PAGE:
Cross Site Request Forgery is a type of security vulnerability in which legitimate, authorized users may be made to unwittingly submit malicious requests to your web application.

Tapestry-csrf-protection is a 3rd party module that has several features for preventing CSRF attacks. It protects all component event handlers (event links, forms, etc.) by adding a CSRF token to event links and adds a CSRF token as a hidden field to all forms. Tokens are generated on a per-session basis.

Security Framework Integration

Tapestry does not lock you into a specific authentication/authorization implementation. There are integration modules available for the more popular open source Java security frameworks. A popular choice among Tapestry users is tapestry-security (based on Apache Shiro) from It is always kept up-to-date with the latest Tapestry versions and offers several supporting security modules (e.g. tapestry-security-jpa, tynamo-federatedaccounts). There's also an integration module available for Spring Security but lately, it hasn't kept up with the latest versions of Tapestry 5.

Additional information:

Vulnerability Disclosures

CVE-2019-0195: File reading Leads to Java Deserialization Vulnerability.

Disclosure date: September 13th, 2019

Versions affected: all Apache Tapestry versions from 5.4.0 (including its betas) through 5.4.3

Description: Manipulating classpath asset file URLs, an attacker could guess the path to a known file in the classpath and have it downloaded. If the attacker found the file with the value of the tapestry.hmac-passphrase configuration symbol, most probably the webapp's AppModule class, the value of this symbol could be used to craft a Java deserialization attack, thus running malicious injected Java code. The vector would be the t:formdata parameter from the Form component.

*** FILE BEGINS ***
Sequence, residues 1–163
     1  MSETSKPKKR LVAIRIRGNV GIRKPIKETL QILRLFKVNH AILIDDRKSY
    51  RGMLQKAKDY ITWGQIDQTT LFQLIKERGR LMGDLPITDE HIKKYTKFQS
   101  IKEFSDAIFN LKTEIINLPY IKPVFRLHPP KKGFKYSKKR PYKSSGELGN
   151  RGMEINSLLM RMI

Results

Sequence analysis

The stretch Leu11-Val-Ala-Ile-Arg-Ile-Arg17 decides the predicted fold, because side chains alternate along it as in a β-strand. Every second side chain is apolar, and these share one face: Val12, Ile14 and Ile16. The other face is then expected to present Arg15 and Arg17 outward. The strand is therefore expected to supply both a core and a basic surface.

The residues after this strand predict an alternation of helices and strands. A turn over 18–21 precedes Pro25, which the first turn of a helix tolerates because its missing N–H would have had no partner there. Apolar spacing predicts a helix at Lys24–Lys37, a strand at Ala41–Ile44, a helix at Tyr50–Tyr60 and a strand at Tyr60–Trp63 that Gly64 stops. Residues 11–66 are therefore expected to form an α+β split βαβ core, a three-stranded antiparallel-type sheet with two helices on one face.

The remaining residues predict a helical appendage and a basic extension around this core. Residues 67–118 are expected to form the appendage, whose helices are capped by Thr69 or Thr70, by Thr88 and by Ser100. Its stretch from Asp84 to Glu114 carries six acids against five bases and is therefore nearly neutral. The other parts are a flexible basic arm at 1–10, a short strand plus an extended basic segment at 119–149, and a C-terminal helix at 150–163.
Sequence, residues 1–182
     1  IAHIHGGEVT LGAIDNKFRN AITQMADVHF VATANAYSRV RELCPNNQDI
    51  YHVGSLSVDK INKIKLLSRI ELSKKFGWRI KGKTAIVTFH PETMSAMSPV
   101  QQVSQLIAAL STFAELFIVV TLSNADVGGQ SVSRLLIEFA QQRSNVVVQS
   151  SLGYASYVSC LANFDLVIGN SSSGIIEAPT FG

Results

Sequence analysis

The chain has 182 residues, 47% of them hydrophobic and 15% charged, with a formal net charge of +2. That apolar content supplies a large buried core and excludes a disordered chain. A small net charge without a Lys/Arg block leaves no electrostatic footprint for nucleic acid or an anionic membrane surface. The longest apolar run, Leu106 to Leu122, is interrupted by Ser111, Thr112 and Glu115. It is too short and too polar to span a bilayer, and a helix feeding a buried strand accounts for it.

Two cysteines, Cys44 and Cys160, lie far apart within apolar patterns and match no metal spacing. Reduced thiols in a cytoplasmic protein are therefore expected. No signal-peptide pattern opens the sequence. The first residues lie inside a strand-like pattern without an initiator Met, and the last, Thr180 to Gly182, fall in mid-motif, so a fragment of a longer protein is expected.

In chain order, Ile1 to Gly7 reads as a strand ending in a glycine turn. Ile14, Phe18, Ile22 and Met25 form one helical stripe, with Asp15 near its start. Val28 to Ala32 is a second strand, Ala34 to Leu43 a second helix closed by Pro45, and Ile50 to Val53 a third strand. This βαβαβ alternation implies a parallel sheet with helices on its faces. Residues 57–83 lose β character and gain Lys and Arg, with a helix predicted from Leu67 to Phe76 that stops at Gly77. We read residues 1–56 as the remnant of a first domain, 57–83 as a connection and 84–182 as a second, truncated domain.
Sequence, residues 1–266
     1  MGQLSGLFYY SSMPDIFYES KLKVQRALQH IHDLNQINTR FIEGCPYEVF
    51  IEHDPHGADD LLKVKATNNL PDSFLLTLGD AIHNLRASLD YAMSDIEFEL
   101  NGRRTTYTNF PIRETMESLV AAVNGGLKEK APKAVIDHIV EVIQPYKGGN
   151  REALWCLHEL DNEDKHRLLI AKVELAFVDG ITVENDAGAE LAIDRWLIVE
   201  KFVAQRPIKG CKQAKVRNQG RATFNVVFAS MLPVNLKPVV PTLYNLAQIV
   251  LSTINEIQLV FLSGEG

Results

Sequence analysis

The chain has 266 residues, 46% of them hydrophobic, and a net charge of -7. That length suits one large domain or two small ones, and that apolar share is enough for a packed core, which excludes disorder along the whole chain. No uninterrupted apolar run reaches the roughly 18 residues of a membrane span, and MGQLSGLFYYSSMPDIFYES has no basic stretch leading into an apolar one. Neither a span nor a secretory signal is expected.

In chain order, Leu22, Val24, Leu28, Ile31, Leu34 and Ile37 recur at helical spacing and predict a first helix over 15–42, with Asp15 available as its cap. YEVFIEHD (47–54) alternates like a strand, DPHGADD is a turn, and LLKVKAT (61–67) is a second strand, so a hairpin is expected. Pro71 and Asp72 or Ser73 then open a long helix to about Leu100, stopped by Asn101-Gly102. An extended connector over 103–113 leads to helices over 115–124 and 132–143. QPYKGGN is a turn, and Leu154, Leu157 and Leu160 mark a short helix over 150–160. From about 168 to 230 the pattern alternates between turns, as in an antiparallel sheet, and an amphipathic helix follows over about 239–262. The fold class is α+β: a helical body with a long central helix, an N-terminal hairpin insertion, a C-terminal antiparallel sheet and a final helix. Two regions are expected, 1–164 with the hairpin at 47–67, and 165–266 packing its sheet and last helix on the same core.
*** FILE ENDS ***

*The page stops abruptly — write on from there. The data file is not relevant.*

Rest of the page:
Mitigation: Upgrade to Tapestry 5.4.5, which is a drop-in replacement for any 5.4.x version.

Credit: Ricter Zheng

CVE-2019-0207: Apache Tapestry 5.4.2 Path Traversal vulnerability

Disclosure date: September 13th, 2019

Versions affected: all Apache Tapestry versions from 5.4.0 (including its betas) through 5.4.4.

Description: Tapestry processes assets `/assets/ctx` using classes chain `StaticFilesFilter -> AssetDispatcher -> ContextResource`, which doesn't filter the character `\`, so attacker can perform a path traversal attack to read any files on Windows platform.

Mitigation: Upgrade to Tapestry 5.4.5, which is a drop-in replacement for any 5.4.x version.

Credit: Ricter Zheng

CVE-2019-10071: New Issue in Fix for CVE-2014-1972

Disclosure date: September 13th, 2019

Versions affected: all Apache Tapestry versions from 5.4.0 (including its betas) through 5.4.3

Description: The code which checks HMAC in form submissions usedString.equals() for comparisons, which results in a timing side channel vulnerability inthe comparison of the HMAC signatures. This could lead to remote codeexecution if an attacker is able to determine the correct signature fortheir payload. The comparison should have been done with a constant time algorithm instead.

Mitigation: Upgrade to Tapestry 5.4.5, which is a drop-in replacement for any 5.4.xversion.


David Tomaschik of the Google Security Team